Carpenter is notorious for having a very uneven career – from his amazing "Assault on Precinct 13" (1976) to the magnificent "Halloween" (1978) to the disappointing and silly "Escape from L.A." (1996), "The Thing" remains his very best motion picture. Although its reputation over the years has never been honorary enough to land it a spot on most "great movies" lists, "The Thing" is still one of my favorite horror films, and – upon close inspection – masterfully crafted. It is a daring and ingenious thrill-ride that is simultaneously unique and chilling – a genuine relief for film buffs who are tired of the same old horror knock-offs. This one, at the very least, is genuinely unpredictable.
  • Antarctica, winter 1982. The team on an American research base get surprised by a couple of mad Norwegians who is chasing a dog with a helicopter, trying to kill it. All the Norwegians are killed and the Americans are left with nothing, but a dog, a couple of bodies and questions. That's the beginning of the greatest horror/thriller film I've ever seen.

    From the very beginning all to the end you feel the tense, paranoid mood. Helpless and alone out in no-mans land. Ennio Morricone was nominated for a Razzie Award for his score. Why I don't know 'cause as far as I can see his score is simple, creepy and very good. It really gets you in the right mood.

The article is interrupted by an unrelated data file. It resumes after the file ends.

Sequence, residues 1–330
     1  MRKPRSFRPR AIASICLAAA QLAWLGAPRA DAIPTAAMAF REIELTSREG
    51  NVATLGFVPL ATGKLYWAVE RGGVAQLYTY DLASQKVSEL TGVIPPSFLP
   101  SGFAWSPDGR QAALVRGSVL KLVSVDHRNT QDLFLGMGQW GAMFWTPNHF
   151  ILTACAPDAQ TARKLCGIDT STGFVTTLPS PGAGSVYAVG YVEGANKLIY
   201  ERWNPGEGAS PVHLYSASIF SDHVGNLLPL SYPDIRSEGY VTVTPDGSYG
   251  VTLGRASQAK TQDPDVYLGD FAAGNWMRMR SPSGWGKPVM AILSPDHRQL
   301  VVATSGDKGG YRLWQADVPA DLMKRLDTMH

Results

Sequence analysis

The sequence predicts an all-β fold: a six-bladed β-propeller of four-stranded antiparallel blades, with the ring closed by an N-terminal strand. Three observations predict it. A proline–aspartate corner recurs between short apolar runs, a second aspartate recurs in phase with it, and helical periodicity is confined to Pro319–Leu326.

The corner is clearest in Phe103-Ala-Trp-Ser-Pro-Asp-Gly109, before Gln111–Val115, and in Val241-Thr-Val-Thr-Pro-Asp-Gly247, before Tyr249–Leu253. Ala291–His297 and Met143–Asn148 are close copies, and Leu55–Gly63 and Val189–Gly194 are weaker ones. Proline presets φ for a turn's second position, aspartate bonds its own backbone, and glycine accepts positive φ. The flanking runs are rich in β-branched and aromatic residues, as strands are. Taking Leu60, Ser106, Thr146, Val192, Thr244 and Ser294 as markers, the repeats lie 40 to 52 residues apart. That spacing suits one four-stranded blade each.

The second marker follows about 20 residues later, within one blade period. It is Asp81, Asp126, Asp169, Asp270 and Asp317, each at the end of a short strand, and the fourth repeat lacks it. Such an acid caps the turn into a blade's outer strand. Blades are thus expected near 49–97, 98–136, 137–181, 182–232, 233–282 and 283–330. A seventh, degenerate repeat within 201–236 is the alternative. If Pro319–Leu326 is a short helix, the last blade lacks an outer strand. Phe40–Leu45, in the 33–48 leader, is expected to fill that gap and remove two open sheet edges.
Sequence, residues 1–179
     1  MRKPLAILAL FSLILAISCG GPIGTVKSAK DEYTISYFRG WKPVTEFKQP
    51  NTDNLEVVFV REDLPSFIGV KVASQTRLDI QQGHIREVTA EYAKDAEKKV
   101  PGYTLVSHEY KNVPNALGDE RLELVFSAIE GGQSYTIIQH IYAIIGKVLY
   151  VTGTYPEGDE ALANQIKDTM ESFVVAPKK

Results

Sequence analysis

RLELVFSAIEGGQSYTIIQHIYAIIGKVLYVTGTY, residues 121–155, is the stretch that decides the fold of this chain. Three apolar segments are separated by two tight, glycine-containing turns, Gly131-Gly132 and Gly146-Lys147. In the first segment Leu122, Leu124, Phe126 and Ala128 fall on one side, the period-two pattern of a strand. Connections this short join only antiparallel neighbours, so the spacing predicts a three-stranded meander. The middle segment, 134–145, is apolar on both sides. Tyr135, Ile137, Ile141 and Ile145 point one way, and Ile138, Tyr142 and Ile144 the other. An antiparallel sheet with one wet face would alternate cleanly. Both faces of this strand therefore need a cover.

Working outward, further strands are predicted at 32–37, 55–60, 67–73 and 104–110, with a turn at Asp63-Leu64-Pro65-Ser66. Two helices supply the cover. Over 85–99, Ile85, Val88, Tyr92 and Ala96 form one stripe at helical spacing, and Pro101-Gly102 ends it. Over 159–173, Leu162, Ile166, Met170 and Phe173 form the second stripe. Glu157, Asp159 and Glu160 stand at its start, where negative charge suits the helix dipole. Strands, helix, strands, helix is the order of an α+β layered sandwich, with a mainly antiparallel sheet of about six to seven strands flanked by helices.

The acting is great! The best performance is probably given by the dog who's just amazing. As for Russell and the others on two legs I can say nothing less.

    You may think 1982 and special effects are not the most impressive? Well, think again! You haven't seen it all until you've seen this. Bodyparts falling off and creatures changing forms... Rob Bottin has done a great job witch today stands as a milestone is special effects makeup.

    The movie didn't get a big response when it first hit the big screen due to other alien films at the time and so it's not very well known. In fact you can almost consider it an unknown movie. Nobody I've asked have heard of it. However the movie has managed to survive for over twenty years as a cult film on video and DVD. Twenty years is a long time and except for the haircut the movie is still pretty much up to date. This movie is to be considered a classic.

    The movie is without doubt one of my, if not my favorite. I've seen it several times, but it's just as good as the first time I saw it. As a Norwegian the only thing I don't like about this movie is that MacReady keeps calling the Norwegians swedes!
  • * * * * ½ (4½ out of 5)

    The Thing

    Directed by: John Carpenter, 1982

    Looking back on John Carpenter's The Thing – today a highly treasured cult favourite – one has to wonder why it was dismissed by both the audience and critics when it first came out in 1982.